1. In our opinion the order of the District Munsif of the 10th June 1893 and his decree dismissing the suit were wrong in point of law. It is quite clear that the adopted son is the legal representative of the person to whom he is adopted. This being so, Section 371 would prevent the institution by him of any fresh suit. An application was made on his behalf within due time claiming to be the legal representative, and therefore under Section 366 it was not competent to the Court to order that the suit should abate. The order of the District Munsif above mentioned must be taken to be an order within the meaning of Section 367; for we agree with the Judge that a ' dispute' within the meaning of that section need not be between persons claiming to represent the deceased plaintiff. The title to represent being denied, there is in the present case a dispute between the claimant and the defendant. We therefore think the District Judge ought to have entertained the appeal. We also think that an appeal lay against the decree dismissing the suit--Bhikaji Ramachandra v. Purshotam I.L.R. 10 Bom. 220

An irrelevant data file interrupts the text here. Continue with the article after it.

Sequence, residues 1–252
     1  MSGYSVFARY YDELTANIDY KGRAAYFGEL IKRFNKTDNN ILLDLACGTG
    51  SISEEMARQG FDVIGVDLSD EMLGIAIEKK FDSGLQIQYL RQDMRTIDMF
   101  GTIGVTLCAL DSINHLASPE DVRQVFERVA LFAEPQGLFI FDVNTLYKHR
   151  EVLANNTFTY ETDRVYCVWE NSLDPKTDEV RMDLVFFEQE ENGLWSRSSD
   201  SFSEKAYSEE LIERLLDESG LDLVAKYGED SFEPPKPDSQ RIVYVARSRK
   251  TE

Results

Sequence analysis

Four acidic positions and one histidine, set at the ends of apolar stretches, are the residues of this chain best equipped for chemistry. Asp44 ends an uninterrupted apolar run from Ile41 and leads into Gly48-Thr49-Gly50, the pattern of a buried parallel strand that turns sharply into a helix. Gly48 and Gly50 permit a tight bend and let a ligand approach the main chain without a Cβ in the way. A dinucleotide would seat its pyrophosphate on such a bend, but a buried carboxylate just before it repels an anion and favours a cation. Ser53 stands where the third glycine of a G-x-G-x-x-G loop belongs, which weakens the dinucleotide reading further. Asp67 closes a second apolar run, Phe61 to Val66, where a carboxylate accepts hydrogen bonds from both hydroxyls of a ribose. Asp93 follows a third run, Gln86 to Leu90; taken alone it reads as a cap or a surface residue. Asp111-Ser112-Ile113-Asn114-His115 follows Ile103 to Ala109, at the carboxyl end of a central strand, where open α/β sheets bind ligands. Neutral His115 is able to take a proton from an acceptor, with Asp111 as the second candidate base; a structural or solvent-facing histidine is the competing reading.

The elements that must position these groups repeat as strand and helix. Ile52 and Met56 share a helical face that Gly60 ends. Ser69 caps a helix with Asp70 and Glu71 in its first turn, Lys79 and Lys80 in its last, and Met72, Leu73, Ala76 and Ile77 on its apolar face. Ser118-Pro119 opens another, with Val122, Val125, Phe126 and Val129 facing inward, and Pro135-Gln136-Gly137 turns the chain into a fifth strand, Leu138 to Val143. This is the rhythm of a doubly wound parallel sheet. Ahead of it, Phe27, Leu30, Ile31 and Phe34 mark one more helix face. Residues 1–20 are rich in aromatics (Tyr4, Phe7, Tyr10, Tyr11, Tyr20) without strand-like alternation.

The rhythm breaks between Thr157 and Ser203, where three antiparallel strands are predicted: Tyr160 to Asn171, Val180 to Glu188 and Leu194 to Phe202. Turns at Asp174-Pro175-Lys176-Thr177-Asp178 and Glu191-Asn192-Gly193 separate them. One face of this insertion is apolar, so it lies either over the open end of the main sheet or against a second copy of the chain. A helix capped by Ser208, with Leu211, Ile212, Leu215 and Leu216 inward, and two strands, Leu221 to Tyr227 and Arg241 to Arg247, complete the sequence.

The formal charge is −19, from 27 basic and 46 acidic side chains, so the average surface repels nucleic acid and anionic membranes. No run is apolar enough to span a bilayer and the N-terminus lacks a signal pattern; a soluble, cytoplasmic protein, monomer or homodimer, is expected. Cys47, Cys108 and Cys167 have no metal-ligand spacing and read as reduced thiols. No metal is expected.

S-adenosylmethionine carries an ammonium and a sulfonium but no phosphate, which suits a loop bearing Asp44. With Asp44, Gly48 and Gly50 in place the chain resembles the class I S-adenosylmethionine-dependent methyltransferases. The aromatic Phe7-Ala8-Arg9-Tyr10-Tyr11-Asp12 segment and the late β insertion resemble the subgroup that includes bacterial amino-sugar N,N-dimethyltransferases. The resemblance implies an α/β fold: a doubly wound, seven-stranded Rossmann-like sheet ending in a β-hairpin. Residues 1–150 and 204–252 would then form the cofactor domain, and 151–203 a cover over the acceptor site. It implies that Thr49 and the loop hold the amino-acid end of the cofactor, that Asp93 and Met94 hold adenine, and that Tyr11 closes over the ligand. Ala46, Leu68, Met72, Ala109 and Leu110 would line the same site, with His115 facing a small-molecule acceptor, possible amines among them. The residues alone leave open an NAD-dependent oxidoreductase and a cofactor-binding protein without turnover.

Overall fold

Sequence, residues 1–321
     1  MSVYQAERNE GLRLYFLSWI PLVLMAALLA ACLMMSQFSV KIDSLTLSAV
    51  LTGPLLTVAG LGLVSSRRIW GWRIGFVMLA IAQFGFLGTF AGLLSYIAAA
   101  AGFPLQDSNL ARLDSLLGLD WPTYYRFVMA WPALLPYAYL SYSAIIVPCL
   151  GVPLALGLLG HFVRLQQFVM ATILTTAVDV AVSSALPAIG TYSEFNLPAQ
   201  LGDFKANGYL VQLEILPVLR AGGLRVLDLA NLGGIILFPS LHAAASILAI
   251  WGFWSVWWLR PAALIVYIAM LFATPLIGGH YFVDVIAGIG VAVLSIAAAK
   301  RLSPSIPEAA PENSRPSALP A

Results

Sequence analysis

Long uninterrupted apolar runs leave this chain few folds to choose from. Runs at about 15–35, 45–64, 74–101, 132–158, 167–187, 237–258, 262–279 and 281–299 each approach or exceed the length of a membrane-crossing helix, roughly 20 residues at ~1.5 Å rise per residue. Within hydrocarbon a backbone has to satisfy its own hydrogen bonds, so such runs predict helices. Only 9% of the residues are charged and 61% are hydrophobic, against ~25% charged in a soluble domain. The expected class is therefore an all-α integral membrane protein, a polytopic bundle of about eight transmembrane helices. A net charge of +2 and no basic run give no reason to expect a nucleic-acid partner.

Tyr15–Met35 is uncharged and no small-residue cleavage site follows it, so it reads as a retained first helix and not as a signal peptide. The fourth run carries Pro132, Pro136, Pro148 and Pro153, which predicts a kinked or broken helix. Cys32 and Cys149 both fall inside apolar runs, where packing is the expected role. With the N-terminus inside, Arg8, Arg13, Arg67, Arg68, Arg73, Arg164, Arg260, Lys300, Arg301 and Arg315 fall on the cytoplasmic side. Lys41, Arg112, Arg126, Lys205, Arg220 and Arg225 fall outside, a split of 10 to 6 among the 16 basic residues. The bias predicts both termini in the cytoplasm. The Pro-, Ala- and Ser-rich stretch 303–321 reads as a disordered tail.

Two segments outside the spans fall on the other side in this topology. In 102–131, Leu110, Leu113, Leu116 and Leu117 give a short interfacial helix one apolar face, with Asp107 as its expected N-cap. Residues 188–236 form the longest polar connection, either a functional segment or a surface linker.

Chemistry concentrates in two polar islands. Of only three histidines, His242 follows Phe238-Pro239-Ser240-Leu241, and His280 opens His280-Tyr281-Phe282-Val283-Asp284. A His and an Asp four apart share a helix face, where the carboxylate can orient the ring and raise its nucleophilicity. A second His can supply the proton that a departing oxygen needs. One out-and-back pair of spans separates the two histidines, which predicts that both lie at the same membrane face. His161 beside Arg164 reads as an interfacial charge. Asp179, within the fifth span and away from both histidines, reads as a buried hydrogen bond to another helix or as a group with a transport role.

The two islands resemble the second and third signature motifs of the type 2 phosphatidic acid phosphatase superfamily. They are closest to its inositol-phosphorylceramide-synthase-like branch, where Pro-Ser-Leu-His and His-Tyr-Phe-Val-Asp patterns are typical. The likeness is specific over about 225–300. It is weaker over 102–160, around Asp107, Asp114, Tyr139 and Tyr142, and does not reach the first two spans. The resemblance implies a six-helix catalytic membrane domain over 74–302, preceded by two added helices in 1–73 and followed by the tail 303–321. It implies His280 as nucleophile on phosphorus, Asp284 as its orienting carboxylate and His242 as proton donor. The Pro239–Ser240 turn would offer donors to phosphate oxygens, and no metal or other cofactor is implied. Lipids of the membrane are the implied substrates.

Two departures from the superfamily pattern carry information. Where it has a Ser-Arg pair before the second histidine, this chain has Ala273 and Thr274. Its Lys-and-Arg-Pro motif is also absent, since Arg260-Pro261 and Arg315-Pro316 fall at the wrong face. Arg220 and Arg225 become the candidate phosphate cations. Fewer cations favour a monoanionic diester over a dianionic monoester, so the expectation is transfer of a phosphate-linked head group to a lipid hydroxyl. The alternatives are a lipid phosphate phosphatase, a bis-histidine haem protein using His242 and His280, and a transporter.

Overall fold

2. We must set aside the decrees of the Courts below, and also the order of the District Munsif, and remand the case to the Court of First Instance for disposal.
3. The costs incurred in the lower Appellate Court and in this Court must be paid by respondent, the other costs must be provided for in the fresh decree.